A New York City cab driver was arrested and is facing drug charges. A federal drug agent apparently stopped the driver after receiving a tip about a scheduled drug transaction to take place over the weekend. Law enforcement authorities approached the parked cab and ordered the driver out of the car. The officers proceeded to search the vehicle and allegedly found a bag with 3.3 pounds of crystal methamphetamine in the spare tire area of the trunk. The driver was then arrested, charged, and held on $1 million bail in a local jail. He may even be deported to his birthplace, the Dominican Republic.
Under the Fourth Amendment, people are protected from illegal searches and seizures. This means that officers are not permitted to search any place where you have a reasonable expectation of privacy without a reason.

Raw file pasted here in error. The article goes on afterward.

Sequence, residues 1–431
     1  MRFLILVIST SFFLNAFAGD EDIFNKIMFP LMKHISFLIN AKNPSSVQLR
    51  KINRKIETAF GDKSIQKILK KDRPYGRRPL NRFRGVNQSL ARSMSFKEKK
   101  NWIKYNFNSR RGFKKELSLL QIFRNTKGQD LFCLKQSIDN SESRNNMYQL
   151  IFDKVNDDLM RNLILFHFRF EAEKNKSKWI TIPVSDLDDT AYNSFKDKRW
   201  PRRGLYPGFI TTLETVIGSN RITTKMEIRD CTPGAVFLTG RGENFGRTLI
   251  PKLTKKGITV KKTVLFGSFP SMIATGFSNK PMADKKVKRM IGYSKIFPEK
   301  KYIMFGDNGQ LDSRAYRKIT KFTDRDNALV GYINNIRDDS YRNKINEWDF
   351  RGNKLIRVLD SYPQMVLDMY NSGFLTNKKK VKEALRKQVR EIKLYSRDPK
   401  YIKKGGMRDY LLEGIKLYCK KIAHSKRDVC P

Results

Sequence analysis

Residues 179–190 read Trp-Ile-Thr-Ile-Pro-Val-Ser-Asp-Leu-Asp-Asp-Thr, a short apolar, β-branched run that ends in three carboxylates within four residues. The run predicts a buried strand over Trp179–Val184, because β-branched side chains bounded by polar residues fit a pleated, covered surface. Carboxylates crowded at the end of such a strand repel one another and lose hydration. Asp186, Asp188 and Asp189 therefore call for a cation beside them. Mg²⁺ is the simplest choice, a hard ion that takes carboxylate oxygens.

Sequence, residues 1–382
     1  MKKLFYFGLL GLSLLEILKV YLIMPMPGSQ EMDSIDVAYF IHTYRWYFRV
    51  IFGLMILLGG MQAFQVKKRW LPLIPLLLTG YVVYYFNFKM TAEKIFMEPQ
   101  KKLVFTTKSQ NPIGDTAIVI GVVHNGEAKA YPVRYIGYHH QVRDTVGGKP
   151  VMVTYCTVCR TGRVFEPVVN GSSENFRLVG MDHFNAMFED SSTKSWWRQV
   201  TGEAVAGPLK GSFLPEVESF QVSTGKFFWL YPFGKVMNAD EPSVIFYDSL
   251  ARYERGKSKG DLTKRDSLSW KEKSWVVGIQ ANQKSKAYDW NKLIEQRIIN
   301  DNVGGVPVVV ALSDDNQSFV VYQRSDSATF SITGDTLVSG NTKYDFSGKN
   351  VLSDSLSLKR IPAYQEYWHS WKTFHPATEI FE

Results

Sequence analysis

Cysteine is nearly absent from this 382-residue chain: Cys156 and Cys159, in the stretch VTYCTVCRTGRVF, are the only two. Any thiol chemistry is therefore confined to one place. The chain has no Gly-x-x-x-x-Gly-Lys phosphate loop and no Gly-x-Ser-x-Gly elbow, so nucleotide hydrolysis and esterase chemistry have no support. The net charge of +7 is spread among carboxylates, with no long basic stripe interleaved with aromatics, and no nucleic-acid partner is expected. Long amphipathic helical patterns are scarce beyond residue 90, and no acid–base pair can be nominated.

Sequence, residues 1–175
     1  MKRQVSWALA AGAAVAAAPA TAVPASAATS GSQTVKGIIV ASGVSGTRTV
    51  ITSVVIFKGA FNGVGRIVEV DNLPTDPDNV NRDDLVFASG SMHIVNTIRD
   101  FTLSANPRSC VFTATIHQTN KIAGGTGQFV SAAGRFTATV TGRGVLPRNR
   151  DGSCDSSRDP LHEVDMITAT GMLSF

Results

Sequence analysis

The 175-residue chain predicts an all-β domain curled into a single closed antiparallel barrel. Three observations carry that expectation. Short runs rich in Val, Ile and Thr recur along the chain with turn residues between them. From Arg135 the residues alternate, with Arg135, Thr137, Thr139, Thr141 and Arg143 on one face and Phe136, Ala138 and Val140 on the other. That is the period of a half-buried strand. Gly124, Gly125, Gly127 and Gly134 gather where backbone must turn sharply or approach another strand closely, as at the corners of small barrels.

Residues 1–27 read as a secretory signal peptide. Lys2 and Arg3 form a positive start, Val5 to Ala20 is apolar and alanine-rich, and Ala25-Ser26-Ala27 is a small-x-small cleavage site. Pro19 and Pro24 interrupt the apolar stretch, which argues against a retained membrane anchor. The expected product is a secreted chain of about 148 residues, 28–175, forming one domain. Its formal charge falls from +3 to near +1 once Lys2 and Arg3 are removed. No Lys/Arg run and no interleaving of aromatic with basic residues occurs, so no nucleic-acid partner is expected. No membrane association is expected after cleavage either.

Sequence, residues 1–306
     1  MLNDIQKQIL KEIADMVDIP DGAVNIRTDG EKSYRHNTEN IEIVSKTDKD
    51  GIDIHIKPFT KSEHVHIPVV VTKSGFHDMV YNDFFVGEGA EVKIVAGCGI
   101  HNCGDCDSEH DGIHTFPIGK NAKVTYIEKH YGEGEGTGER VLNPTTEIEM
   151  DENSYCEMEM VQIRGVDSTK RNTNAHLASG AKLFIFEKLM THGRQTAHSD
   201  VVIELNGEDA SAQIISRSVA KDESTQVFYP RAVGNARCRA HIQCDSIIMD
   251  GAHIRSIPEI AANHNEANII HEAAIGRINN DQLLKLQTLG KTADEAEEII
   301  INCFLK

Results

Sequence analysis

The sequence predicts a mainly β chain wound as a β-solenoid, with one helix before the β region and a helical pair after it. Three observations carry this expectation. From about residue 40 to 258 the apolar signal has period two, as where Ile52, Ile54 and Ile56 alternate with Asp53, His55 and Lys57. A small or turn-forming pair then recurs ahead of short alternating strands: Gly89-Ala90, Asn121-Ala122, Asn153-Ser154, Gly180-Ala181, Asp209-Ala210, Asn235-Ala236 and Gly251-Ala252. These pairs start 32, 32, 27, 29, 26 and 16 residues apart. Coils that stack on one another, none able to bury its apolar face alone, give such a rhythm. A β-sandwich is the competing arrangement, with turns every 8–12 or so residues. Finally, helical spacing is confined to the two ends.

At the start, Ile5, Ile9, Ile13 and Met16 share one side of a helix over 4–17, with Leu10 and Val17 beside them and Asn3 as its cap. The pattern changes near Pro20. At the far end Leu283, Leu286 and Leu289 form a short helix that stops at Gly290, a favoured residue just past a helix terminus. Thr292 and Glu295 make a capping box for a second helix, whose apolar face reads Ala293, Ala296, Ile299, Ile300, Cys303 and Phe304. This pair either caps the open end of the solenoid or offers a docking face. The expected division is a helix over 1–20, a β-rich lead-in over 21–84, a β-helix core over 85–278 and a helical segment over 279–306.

If the police have probable cause, or some legitimate evidence to believe you are involved in some criminal activity, they may legally search your vehicle. However, if the officer just has a hunch that you are guilty of a crime, that is not enough reason to inspect your vehicle. Minor traffic violations, such as a broken taillight or speeding, are generally not considered probable cause to search your vehicle.
If you are the victim of an illegal search and seizure, any evidence the police collected during their search may be thrown out of the case altogether. Without that evidence, the prosecutor may not have enough evidence to prove that you are guilty of a drug crime. Discuss your case with a criminal defense attorney to find out whether the police illegally searched your vehicle.
Source: 69 News, “New York City cab driver jailed on drug charges in Berks,” Feb. 12, 2018